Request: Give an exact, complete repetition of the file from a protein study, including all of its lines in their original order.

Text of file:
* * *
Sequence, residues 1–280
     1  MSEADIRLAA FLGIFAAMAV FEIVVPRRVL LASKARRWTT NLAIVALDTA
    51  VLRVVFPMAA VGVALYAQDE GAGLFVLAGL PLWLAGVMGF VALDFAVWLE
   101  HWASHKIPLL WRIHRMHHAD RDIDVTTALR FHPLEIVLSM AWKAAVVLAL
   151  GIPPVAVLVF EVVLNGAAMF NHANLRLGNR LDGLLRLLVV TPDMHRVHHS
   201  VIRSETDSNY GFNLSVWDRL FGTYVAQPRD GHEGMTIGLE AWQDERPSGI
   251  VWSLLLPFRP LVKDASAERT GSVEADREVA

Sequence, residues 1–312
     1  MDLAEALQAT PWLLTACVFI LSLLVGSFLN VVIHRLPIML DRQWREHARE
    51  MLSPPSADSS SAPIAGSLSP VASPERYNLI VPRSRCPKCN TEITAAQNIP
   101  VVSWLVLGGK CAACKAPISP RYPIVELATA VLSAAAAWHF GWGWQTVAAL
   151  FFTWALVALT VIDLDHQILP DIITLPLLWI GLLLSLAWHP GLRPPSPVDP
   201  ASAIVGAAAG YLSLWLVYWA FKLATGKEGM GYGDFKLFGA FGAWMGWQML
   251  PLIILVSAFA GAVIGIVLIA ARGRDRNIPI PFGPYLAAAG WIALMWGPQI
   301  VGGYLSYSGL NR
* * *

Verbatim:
Sequence, residues 1–280
     1  MSEADIRLAA FLGIFAAMAV FEIVVPRRVL LASKARRWTT NLAIVALDTA
    51  VLRVVFPMAA VGVALYAQDE GAGLFVLAGL PLWLAGVMGF VALDFAVWLE
   101  HWASHKIPLL WRIHRMHHAD RDIDVTTALR FHPLEIVLSM AWKAAVVLAL
   151  GIPPVAVLVF EVVLNGAAMF NHANLRLGNR LDGLLRLLVV TPDMHRVHHS
   201  VIRSETDSNY GFNLSVWDRL FGTYVAQPRD GHEGMTIGLE AWQDERPSGI
   251  VWSLLLPFRP LVKDASAERT GSVEADREVA

Sequence, residues 1–312
     1  MDLAEALQAT PWLLTACVFI LSLLVGSFLN VVIHRLPIML DRQWREHARE
    51  MLSPPSADSS SAPIAGSLSP VASPERYNLI VPRSRCPKCN TEITAAQNIP
   101  VVSWLVLGGK CAACKAPISP RYPIVELATA VLSAAAAWHF GWGWQTVAAL
   151  FFTWALVALT VIDLDHQILP DIITLPLLWI GLLLSLAWHP GLRPPSPVDP
   201  ASAIVGAAAG YLSLWLVYWA FKLATGKEGM GYGDFKLFGA FGAWMGWQML
   251  PLIILVSAFA GAVIGIVLIA ARGRDRNIPI PFGPYLAAAG WIALMWGPQI
   301  VGGYLSYSGL NR